Overview and entry requirements
The MA Curating Cultures programme provides an unrivalled opportunity to explore methods and approaches taken to the curating of the arts of Asia and Africa. It is particularly suitable for those who wish to develop in the arts sector or cultural industries whether that be in the context of museums, galleries, festivals, online platforms, biennales, and other display contexts. It will also appeal to practicing professionals in these areas who are interested in strengthening their knowledge and critical outlook. Themes and issues addressed include but are not limited to: histories and ideologies of curating and exhibitions, theories of collecting, interpreting objects, contemporary issues and debates regarding postmodernism, postcolonialism, repatriation and decolonization, curating and writing of exhibition texts and interpretation.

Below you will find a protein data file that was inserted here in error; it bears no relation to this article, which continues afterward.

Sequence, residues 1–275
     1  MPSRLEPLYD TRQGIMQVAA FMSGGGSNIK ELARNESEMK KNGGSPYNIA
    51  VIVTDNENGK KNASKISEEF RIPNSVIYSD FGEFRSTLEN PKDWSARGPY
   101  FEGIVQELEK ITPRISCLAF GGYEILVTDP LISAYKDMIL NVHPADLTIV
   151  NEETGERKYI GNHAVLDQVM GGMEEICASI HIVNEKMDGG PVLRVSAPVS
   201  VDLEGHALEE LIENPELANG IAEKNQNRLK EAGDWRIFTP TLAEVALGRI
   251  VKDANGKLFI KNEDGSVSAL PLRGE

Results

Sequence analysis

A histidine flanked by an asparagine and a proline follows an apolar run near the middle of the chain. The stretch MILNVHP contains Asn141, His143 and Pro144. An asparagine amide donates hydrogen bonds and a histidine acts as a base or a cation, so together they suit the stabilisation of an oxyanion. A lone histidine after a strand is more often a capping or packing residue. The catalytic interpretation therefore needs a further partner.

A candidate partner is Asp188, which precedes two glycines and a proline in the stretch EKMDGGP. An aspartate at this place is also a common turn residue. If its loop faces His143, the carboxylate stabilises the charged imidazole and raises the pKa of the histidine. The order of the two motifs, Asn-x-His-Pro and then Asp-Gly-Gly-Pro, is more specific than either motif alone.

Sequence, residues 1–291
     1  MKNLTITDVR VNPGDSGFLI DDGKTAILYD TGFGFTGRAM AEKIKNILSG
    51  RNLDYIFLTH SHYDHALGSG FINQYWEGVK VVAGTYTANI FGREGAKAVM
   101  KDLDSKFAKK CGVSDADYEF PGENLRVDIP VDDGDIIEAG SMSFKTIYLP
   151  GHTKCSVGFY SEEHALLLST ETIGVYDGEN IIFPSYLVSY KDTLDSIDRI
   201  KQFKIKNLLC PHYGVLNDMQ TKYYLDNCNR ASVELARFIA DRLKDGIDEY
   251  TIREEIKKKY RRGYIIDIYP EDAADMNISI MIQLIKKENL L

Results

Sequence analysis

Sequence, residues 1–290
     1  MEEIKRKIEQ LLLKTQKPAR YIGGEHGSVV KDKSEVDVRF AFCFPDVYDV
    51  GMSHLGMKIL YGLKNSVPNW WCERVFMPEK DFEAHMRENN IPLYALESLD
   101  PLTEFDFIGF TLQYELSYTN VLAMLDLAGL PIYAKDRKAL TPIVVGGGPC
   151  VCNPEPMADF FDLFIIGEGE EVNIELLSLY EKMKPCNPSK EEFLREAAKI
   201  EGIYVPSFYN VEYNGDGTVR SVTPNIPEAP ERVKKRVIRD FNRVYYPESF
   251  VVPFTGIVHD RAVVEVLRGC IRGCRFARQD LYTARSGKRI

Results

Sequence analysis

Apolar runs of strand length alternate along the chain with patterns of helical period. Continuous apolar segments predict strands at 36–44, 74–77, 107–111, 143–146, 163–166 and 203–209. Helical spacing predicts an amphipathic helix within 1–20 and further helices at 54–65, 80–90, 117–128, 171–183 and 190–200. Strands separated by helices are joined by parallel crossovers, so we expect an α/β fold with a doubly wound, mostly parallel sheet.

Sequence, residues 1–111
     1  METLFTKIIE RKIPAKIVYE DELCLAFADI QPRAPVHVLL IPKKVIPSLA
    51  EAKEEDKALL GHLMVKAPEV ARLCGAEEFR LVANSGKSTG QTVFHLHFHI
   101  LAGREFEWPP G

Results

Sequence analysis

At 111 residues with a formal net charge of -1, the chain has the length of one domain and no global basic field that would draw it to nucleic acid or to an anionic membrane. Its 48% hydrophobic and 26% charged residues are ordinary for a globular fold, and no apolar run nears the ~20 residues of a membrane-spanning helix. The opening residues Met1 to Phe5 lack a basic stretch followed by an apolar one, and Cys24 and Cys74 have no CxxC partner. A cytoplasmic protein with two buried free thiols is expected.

Additionally, the MA Curating Cultures programme provides an excellent postgraduate foundation for students interested in pursuing PhD research in the fields of curating and/or Art History/Archaeology of Asia and Africa in general. The aims and objectives of this MA programme is for students to:
- develop the ability to critically evaluate interpretative frameworks of museums, galleries, exhibition spaces, public art, online platforms/digital curating, and other display contexts.
- critically analyse the role practices of collecting, display, and interpretation have in the production of meaning and value of objects.
- study the methods, practices and key issues surrounding ways in which Asian and African cultures and objects have been presented from both within their own traditions and from the European perspective with a particular focus on decolonisation.